Arizona -(Ammoland.com)– On the morning of 24 September, 2017, David Buckallew, 63, and his son, Rory, 35, were hunting black bear. David was along as an observer. Only Rory carried a rifle, a Remington model 700, semi-customized in the wildcat 6.5mm-06 caliber. Dave carried a Taurus Tracker stainless steel 4 inch .44 magnum in a Montana Holster shoulder rig made by Norm Schertenleib. Rory carried a Glock model 20 in 10mm.
The morning was cool with a light frost in low spots at Kalispell, Montana. There was little wind. Sunrise was at 7:28 local. Before 9 am, the men had spotted a black bear and were attempting to get in position for a shot. They were moving through thick cover on the steep side slope east of the Hungry Horse reservoir.
Then they heard it. A large animal was crashing through the undergrowth. It was moving along the side slope angling up the hill, above them. As it came directly above them, about 30 yards away, they could see bushes move. It changed direction and charged down the hill at them. Neither man knew what it was. It was coming directly at them. Both men fired a shot in front of the beast in an attempt to divert it or scare it off. David fired his .44 magnum Taurus, Rory his model 700 bolt action Remington rifle. The animal was only 7-8 yards away, but the cover was so thick, they could not see it.
In a split second, the bear appeared as it slid to a stop only two feet from and just beyond Rory. The bear lunged at Rory, and Rory jammed the barrel of his rifle into its mouth. Then, as the bear jerked aside, he hit the bears head with the barrel.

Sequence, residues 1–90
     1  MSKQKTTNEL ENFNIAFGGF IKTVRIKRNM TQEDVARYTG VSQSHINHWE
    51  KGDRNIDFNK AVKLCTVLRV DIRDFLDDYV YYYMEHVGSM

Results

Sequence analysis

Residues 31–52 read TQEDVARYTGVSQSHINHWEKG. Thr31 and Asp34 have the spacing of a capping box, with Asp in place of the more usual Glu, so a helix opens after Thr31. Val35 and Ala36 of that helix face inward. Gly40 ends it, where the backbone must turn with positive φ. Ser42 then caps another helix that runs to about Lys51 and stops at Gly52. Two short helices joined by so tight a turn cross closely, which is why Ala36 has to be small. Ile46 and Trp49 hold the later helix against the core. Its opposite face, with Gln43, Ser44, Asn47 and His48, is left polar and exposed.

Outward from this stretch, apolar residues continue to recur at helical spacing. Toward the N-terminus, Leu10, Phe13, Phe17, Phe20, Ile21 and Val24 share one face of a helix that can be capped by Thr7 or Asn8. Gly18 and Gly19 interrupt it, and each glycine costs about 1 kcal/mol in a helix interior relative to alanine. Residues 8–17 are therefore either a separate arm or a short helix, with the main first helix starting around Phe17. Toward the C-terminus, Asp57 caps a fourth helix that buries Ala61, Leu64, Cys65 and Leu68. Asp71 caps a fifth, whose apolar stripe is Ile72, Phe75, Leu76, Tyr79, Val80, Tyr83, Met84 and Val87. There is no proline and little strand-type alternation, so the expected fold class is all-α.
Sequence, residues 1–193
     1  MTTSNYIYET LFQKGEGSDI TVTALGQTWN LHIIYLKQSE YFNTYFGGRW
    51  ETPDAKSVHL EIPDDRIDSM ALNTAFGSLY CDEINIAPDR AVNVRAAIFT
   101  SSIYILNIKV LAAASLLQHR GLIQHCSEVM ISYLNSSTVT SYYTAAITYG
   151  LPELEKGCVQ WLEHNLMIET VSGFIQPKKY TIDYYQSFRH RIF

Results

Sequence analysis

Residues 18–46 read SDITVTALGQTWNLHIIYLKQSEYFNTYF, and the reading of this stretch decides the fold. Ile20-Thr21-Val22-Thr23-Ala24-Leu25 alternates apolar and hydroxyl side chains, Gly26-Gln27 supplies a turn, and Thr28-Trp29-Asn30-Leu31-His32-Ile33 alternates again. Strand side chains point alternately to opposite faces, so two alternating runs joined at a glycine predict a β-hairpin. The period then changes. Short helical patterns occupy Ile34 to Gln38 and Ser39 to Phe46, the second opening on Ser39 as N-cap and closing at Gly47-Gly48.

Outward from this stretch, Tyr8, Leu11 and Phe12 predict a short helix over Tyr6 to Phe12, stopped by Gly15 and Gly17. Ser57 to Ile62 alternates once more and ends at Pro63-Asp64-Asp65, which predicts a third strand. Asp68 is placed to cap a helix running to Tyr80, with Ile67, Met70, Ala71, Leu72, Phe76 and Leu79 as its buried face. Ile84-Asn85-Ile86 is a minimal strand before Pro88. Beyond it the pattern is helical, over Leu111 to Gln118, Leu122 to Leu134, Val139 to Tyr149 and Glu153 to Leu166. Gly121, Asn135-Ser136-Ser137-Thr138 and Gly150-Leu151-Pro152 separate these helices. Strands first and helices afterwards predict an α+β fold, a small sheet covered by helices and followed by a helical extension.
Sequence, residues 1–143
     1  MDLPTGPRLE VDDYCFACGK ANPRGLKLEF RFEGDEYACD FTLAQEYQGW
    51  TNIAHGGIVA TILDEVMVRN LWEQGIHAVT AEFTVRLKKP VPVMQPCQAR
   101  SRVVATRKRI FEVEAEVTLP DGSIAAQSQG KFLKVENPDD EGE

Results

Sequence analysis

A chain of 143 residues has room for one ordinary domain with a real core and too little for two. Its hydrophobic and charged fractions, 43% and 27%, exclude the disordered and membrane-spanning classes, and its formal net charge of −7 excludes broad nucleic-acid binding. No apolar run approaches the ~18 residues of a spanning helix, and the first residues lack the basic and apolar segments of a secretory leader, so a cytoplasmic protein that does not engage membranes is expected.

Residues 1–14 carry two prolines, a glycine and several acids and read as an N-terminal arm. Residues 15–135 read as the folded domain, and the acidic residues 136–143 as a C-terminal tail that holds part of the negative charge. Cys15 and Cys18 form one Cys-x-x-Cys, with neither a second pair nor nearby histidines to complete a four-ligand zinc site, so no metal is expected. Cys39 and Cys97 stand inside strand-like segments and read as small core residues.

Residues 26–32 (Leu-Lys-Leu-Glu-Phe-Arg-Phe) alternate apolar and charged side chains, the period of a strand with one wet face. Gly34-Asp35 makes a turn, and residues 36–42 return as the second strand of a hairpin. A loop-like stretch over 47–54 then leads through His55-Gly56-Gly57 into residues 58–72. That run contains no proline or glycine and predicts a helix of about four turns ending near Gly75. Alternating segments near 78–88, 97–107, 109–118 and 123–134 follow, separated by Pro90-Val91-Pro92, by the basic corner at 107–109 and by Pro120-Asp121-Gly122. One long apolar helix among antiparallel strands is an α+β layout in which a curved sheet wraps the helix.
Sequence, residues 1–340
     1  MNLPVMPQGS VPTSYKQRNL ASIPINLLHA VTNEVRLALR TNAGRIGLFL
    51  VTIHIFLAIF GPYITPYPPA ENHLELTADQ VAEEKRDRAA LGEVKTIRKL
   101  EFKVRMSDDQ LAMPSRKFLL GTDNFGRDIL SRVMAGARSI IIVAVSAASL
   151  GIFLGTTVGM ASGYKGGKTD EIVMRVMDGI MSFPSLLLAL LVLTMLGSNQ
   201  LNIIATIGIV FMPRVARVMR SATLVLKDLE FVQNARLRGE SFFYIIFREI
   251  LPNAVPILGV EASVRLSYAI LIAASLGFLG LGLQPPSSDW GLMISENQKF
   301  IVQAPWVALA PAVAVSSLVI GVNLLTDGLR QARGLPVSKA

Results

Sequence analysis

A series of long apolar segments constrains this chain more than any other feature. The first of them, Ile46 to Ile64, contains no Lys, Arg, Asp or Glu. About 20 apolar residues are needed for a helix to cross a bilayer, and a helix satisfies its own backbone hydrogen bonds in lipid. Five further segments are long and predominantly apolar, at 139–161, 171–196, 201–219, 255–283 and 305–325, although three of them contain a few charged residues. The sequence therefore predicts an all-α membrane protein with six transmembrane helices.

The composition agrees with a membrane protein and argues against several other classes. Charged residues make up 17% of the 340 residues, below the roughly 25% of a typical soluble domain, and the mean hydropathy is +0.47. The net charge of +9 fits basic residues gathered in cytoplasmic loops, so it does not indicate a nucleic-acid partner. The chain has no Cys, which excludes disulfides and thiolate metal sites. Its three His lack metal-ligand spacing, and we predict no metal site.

The bear slapped the rifle aside, sending it spinning out of Rory’s hands. As the bear lunged for his face, Rory instinctively blocked with his right arm. The bear grabbed him by the elbow, its nose only inches from Rory’s.
Dave had closed to within six feet of Rory and the bear. Not wanting to hit Rory, hoping to get the bear to release his son, he shot the bear in the hip.
It worked. The bear dropped Rory and spun toward him. His next round was meant for the bear’s shoulder, but the situation was dynamic. The240-grain slug went through the bears neck.
With the bear coming at him, its mouth was within two feet of his .44 Taurus when he fired the last shot. The bullet went alongside the bear’s head, into its neck, penetrating the chest cavity.
Dave says he doesn’t know if it was the three solid hits with a .44 magnum, or the muzzle blast of the revolver into the bear’s face that turned the bear. The bear whirled downslope. It paused momentarily, 15 feet away, looking back. Then it crashed off into the brush.